Media is flooded with pundits spouting 2014 financial resolutions. Heck, I’m on radio and television talking up the same.
Increase savings in retirement accounts, pay down credit card debt, check your insurance coverage for gaps – all good advice.
We already know this stuff. It’s drilled into our heads.
It’s fine to be reminded of the healthy financial actions we should take.
Yet, what stops us from following through?
Before you ponder money improvements for 2014, think outside the box – deviate from the worn financial paths you have attempted to walk before.
This time you’ll succeed if you take five different paths.
1). Don’t save everything for retirement. You read it right. It’s been drummed into you how a secure financial future depends on maximizing contributions to tax-deferred options like 401(k) accounts. But how important is it, really?
A.J Leon, writer, motivator, world explorer, big thinker, in his book, “The Life and Times of A Remarkable Misfit,” outlines 16 simple steps to make money and lose respect – Step 4 is: “Never invest in yourself. Instead sock every last penny in a 401(k) that may or may not be there to greet you when you turn 65.”
Many employers have a difficult time understanding retirement plans. From the hundreds of plans examined, I notice an overwhelming trend of bland choices coupled with high fees.
For some it’s best to settle on government-approved choices called “target-date” funds. They’re the prevalent cookie-cutter choices in your company retirement plan. Basically, they’re an all-in-one mix of mutual funds packaged and wrapped in another mutual fund, thus called a “fund of funds.” The mix of stocks, bonds and cash is designed to match up to the year you decide to retire.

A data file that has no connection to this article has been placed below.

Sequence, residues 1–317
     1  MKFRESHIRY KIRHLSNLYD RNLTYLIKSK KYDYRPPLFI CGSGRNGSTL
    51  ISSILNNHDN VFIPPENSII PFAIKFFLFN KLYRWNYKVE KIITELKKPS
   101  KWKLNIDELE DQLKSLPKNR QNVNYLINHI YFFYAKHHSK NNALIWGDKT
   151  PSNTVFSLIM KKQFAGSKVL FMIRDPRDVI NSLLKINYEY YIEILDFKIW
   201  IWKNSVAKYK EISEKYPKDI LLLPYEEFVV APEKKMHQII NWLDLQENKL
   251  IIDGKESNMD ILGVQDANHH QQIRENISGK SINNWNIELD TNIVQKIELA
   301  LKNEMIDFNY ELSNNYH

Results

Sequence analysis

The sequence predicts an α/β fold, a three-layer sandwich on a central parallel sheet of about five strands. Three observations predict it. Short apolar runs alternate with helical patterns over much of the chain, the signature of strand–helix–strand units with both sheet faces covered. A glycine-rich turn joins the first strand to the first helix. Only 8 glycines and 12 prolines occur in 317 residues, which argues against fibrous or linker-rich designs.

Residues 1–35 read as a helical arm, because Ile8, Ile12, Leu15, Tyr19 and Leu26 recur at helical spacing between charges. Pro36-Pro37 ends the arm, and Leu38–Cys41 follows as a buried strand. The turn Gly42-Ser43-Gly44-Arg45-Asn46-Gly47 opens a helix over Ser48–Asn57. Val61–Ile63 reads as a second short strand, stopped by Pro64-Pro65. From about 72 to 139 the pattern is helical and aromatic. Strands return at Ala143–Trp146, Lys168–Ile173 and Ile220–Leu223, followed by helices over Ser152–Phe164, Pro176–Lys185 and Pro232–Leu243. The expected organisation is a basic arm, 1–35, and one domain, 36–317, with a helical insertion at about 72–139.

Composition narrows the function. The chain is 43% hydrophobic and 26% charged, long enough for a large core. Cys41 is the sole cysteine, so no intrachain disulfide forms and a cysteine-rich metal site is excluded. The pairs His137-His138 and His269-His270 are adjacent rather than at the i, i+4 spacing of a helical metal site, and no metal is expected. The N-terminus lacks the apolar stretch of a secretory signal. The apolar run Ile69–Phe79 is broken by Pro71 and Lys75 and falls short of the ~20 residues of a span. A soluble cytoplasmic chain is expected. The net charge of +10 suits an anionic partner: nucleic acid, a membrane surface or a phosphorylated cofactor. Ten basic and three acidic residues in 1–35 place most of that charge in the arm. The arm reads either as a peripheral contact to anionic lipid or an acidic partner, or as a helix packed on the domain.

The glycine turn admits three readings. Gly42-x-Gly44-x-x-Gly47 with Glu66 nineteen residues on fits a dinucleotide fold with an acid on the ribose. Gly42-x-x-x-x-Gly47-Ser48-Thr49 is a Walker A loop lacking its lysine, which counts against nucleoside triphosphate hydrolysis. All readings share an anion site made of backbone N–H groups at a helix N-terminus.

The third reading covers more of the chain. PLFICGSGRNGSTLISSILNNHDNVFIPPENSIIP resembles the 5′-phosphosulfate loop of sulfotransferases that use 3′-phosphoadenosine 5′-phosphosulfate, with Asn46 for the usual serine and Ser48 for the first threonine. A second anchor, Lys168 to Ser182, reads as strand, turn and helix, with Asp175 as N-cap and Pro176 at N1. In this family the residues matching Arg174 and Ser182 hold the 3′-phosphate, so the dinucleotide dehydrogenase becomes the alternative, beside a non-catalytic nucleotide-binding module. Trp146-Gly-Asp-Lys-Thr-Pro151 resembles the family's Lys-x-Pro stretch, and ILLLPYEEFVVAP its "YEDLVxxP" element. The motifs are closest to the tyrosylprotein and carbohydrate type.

For example, it’s 2012 and you’re 40 years old. You are planning to retire at 65 (good luck). You decide on the “BlahBlah Fund 2037.” Easy.
The logic behind a target date fund is simple even though underneath, the design is complicated and investment philosophies can deviate dramatically depending on the mutual fund family your employer utilizes. In other words, the returns of the Blah-Blah Fund 2037 compared to the returns of your buddy’s La-La Fund 2037 will most likely differ, sometimes radically.
Let me clarify: Each fund creates a “glide path,” which means the blend of investments should gradually become less aggressive the closer one gets to retirement or the target year.
Per research by Zvi Bodie, the Norman and Adele Barron Professor of Management and Jonathan Truessard, Lecturer, both at Boston University in a 2007 paper “Making Investment Choices as Simple as Possible: An Analysis of Target Date Retirement Funds,” target date funds are approximately following the well-known rule of “100 minus your age,” for the stock portion of the mix. And this smelly piece of financial dogma needs to be abolished. Now.
Target-date funds require refinement. For those who invested their tax-deferred dollars in 2008 target-date options, hoping to begin withdrawing the money in 2008, were in for a rude awakening when their accounts suffered by over 21%.
Consult an objective financial advisor; select a balanced fund. If your choices are limited to the target-date variety, cut the “maturity” date in half. Your estimated retirement date is 2020. That’s six years away. Go for fund 2017. Be prepared for a 2008 surprise.
Contribute up to the employer match. Don’t leave free money on the table regardless of choices, either.